Edvoice - Issues

Viewpoints: California's school spending should target needy students

August 21 | The Sacramento Bee

By Shirley Weber

The stakes for our students are high. We need a smart approach in place to ensure greater transparency in the new funding system and that resources support all students, especially those with the greatest needs.

The Trouble With Tenure

August 18 | The New York Times

By Frank Bruni

“It provides no incentive for someone to improve their practice,” [Johnston] told me last week. “It provides no accountability to actual student outcomes. It’s the classic driver of, ‘I taught it, they didn’t learn it, not my problem.’ It has a decimating impact on morale among staff, because some people can work hard, some can do nothing, and it doesn’t matter.”

Judge tells California to teach English learners

August 13 | San Jose Mercury News

By Biran Melley

California was ordered to educate all children who don't speak English after reports revealed a quarter of its school districts fail to meet that requirement, which is mandated by both the federal government and California itself.

Michelle Rhee stepping down as CEO of Sacramento-based StudentsFirst

August 13 | Sacramento Bee

By Ryan Lillis

Michelle Rhee, the prominent and controversial education figure who is the wife of Mayor Kevin Johnson, revealed in a statement to The Sacramento Bee on Wednesday that she is stepping down from her post as chief executive of StudentsFirst, the national advocacy organization she founded in 2010.

California Education Policy Fund Announces Fourth Grantee Cohort, Totaling nearly $3 Million, to Boost Education Reform Statewide

August 13 | Rockefeller Philanthropy Advisors

Continuing its commitment to supporting education reform at the local and state levels, Rockefeller Philanthropy Advisors (RPA) today announces the fourth year of grants from the California Education Policy Fund (CEPF) to foster Deeper Learning objectives across the California public education system. Deeper Learning is the set of rich academic knowledge and higher-order skills that students need to succeed in 21st-century work and civic life. ... The $2.65 million in grants will provide support to 10 organizations at the forefront of California education policy advancement.

Gloria Romero: Shine light on low-performing school

August 4 | Orange County Register

By Gloria Romero

What do Barack Obama, William Jefferson Clinton, George Washington, Sonia Sotomayor, Cesar Chavez, Carlos Santana and John Muir have in common?

Each has a chronically underperforming California school named for him or her. Sadly, following the celebratory ribbon-cuttings, these schools have been left to languish on state-identified “watch lists.”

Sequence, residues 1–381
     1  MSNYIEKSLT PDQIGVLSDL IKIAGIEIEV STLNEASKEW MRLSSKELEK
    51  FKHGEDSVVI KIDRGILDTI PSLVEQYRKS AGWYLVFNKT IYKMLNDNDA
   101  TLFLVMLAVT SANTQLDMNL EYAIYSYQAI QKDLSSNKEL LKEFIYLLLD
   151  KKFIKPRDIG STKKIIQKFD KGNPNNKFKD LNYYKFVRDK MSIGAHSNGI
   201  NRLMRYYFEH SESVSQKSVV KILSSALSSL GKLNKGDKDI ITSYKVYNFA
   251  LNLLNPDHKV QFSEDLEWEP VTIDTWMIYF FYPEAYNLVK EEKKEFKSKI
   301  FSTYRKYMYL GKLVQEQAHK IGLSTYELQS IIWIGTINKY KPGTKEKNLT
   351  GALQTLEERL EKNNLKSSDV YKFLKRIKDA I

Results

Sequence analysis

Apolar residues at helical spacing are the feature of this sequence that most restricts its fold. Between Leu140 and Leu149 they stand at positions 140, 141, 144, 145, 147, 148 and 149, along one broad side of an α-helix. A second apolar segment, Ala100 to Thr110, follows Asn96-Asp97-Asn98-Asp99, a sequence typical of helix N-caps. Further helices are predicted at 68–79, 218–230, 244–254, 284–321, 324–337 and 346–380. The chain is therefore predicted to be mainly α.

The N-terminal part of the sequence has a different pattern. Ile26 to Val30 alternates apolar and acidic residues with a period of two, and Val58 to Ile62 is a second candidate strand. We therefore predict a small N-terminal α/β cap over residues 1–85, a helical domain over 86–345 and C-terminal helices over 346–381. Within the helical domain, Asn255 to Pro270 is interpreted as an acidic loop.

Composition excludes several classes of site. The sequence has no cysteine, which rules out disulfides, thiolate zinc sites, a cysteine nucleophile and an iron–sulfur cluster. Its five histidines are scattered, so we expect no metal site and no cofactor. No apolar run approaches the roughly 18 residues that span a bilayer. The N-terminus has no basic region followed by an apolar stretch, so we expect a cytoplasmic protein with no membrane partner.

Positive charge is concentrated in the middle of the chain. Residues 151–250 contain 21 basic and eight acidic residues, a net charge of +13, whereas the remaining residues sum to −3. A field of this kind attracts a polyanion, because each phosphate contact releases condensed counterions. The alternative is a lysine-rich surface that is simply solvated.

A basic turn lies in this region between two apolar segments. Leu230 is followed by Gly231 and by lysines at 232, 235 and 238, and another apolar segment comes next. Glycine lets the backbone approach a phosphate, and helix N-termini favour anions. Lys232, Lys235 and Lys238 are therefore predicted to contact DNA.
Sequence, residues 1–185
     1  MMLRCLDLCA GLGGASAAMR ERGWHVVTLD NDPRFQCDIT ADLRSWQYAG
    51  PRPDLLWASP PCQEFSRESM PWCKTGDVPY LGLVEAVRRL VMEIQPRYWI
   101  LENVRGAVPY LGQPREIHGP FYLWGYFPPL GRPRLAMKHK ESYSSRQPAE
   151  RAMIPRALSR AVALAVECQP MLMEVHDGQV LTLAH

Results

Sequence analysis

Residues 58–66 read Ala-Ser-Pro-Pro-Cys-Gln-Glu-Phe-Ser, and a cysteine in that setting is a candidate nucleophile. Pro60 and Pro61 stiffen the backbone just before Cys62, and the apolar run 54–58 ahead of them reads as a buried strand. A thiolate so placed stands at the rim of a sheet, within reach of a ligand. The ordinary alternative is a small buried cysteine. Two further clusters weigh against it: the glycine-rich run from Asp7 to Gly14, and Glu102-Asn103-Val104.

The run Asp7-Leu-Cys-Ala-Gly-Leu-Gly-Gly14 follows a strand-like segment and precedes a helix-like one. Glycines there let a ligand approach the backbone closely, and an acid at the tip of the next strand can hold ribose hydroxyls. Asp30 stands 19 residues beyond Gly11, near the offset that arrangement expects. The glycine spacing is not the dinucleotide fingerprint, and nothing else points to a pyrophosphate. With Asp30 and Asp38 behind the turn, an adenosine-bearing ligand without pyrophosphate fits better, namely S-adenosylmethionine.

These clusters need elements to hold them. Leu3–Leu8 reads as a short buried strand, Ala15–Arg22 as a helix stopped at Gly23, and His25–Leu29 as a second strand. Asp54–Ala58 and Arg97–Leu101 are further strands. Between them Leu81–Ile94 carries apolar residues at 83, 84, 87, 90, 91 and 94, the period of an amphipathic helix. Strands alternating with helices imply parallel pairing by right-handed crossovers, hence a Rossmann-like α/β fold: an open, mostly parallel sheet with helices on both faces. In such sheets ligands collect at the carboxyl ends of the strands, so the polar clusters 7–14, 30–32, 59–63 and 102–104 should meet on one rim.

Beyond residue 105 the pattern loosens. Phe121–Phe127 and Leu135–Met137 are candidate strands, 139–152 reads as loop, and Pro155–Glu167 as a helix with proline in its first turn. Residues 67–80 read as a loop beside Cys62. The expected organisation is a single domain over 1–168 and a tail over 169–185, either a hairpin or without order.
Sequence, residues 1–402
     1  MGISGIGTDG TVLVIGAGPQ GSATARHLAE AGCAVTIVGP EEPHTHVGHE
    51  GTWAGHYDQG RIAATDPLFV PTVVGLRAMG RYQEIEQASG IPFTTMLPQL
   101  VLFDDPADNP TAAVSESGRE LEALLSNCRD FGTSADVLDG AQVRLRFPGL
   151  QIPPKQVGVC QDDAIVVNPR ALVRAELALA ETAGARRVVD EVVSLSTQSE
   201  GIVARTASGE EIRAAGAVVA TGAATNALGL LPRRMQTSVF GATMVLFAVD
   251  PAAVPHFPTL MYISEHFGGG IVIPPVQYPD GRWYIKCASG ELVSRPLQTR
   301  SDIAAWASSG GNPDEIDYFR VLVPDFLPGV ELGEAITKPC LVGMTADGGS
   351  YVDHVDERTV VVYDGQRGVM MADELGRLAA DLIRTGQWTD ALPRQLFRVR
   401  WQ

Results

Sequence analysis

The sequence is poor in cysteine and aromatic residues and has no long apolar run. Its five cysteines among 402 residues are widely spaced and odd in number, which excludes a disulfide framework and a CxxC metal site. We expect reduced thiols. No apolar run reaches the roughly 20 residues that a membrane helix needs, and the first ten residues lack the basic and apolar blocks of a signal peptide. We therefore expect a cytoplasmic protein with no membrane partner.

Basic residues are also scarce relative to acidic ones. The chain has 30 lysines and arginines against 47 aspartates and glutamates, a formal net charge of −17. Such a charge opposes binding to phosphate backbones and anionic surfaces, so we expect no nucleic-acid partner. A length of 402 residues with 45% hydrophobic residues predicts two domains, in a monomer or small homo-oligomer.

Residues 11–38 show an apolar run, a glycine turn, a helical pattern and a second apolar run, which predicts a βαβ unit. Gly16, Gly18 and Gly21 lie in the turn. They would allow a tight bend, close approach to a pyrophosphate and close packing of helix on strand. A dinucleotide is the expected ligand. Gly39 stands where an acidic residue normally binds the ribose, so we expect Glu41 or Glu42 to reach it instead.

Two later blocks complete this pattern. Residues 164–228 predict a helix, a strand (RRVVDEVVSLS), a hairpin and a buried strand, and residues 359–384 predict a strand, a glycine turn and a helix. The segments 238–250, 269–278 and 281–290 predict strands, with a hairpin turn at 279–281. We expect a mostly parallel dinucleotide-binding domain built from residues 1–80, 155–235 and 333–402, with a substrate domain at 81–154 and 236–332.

Why Are Teachers Unions So Opposed to Change

July 20 | The Wall Street Journal

(Wall Street Journal subscription required to view full article) 

By Antonio Villaraigosa

At a time when only one in 10 low-income children is earning a four-year college degree and two out of three jobs of the future will require one, change is needed. At a time when more than half of young people attending community college need to retake high-school classes because the education they received was not rigorous enough, change is needed. At a time when American 15-year-olds trail their counterparts in 30 countries in math, 23 in science and 20 in reading, change is needed.

Research Finds Charter Schools Nationwide More Cost-Effective, Produce Greater ROI

July 22 | University of Arkansas Newswire

A first-ever report released July 22 by the University of Arkansas, which ties charter school funding to achievement, finds that public charter schools are more productive than traditional public schools in all 28 states included in analyses of cost-effectiveness and return on investment.

Proposed changes to LCAP renew debate

July 6 | EdSource

By John Fensterwald

In response to hundreds of public comments, the state board will consider explicitly requiring districts to consult with students as they write their Local Control and Accountability Plans, which lay out budget and student achievement priorities. The plans are a critical component of the community and parent participation that the state’s new school funding system mandates. The board will also review a redesign of the LCAP template and may add a requirement that makes it clear that extra money for “high-needs” students must be used “principally” to benefit them. Civil rights groups lobbied heavily for the new wording.

Poll finds Common Core opposition rising

June 26 | EdSource

By John Fensterwald

The poll indicated that some of the doubts and skepticism about the Common Core State Standards that have gained sway in other states are taking hold in California, too. As opposed to many states, in California the new standards in English language arts and math have the full support of the majority of the Legislature, the governor, the State Board of Education and organizations representing teachers unions, school boards and the state PTA.

But of the voters surveyed, the more they hear about Common Core, apparently the less they like it. Of the roughly three-quarters of voters who said they knew something about the standards, more had a “negative impression” (44 percent) than a “positive impression” (38 percent). Parents with kids in schools, who made up about 30 percent of those surveyed, had identical views.